Eventually, murders happen, and here I'll give Satan's Blade some credit. For one thing, holding the majority of your violence until the last twenty minutes is something that even the most famous slasher films actually used to do -- see Halloween and Friday the 13th, for cryin' out loud. It's only later that the murders in such films started to be parceled out for most of the film's length. So anyway, that's not really a problem, nor is it really a problem that the gore effects are pretty weak, because you work with what you got, and not every low-budget horror film had a Tom Savini to turn to. So with my forgiving heart open to Satan's Blade, I will say that once it becomes a horror film it's, you know, it's okay. Much of it is bad, certainly, but there is one bit involving one character hiding under a bed that, considering that this was filmed in 1980, is both rather good and may have been ripped off by lots and lots of people. I don't know. I wish I could track down definitively the first time this idea was used, but my memory is for shit. If it was first used by L. Scott Castillo, Jr. in Satan's Blade, then I tip my hat to him. On top of that, the violence is surprisingly pitiless, if that turns your crank at all, and I didn't see the final twist coming. And, as twists go, this one works. In the end, none of this adds up to very much, but you take what you can get.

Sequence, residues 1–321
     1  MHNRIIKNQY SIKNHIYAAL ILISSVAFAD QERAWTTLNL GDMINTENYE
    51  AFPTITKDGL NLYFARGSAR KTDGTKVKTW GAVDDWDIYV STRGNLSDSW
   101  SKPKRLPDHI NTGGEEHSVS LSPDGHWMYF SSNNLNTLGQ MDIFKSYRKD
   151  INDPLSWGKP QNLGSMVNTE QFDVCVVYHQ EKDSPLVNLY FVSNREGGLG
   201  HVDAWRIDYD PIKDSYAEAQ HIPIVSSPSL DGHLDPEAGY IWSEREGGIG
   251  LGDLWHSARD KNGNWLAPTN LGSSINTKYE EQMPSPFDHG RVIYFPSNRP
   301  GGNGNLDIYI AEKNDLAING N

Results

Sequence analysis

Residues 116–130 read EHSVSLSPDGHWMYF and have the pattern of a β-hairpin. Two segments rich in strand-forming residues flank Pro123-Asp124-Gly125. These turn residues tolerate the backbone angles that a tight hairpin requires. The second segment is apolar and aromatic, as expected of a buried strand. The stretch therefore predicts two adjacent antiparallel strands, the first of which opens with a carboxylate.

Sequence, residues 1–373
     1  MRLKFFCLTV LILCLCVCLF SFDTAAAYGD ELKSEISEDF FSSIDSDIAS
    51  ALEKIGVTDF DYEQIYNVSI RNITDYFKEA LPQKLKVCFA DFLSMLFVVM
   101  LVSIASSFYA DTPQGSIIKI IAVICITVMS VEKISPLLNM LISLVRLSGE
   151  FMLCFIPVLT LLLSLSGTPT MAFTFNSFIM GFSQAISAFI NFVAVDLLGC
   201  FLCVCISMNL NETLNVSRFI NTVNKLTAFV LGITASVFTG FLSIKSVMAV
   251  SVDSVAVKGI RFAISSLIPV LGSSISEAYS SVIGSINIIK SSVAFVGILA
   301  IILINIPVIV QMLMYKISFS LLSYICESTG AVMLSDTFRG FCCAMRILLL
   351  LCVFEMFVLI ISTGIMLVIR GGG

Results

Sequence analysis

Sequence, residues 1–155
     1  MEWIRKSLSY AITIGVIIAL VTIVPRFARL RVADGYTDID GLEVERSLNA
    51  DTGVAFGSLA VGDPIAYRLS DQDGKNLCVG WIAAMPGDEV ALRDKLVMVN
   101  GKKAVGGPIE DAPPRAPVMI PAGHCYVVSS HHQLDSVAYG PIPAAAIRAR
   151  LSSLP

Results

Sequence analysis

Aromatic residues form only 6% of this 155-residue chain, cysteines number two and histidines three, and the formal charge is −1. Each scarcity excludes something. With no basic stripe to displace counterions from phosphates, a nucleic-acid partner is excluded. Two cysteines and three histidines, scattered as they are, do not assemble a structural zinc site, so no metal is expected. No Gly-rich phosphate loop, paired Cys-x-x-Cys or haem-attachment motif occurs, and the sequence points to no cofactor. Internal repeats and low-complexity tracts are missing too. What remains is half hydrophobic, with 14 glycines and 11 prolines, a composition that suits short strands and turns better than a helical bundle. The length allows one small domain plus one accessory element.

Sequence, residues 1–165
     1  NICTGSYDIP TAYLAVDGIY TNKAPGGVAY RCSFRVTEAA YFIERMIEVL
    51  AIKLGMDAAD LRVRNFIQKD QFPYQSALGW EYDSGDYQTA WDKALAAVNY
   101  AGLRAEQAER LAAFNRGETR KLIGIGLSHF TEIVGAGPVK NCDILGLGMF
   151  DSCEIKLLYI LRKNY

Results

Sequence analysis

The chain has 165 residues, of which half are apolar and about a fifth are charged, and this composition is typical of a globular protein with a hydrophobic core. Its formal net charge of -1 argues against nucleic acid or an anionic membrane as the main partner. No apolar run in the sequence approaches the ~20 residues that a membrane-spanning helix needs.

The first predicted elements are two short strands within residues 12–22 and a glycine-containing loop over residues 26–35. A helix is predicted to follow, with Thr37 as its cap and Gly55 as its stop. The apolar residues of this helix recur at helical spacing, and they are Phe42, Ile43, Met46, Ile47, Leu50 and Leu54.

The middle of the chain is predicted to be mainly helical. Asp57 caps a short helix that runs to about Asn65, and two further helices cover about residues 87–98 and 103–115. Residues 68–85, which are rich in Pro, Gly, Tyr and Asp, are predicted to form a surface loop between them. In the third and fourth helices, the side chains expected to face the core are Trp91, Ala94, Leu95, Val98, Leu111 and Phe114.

Andrew LH said...

He looks like Nick Cave. This Nick Cave here:

Andrew LH said...
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John said...

On top of that, the violence is surprisingly pitiless, if that turns your crank at all...

I guess you could say it makes things sound a lot more interesting to me, yes. No, I don't claim to be a well person.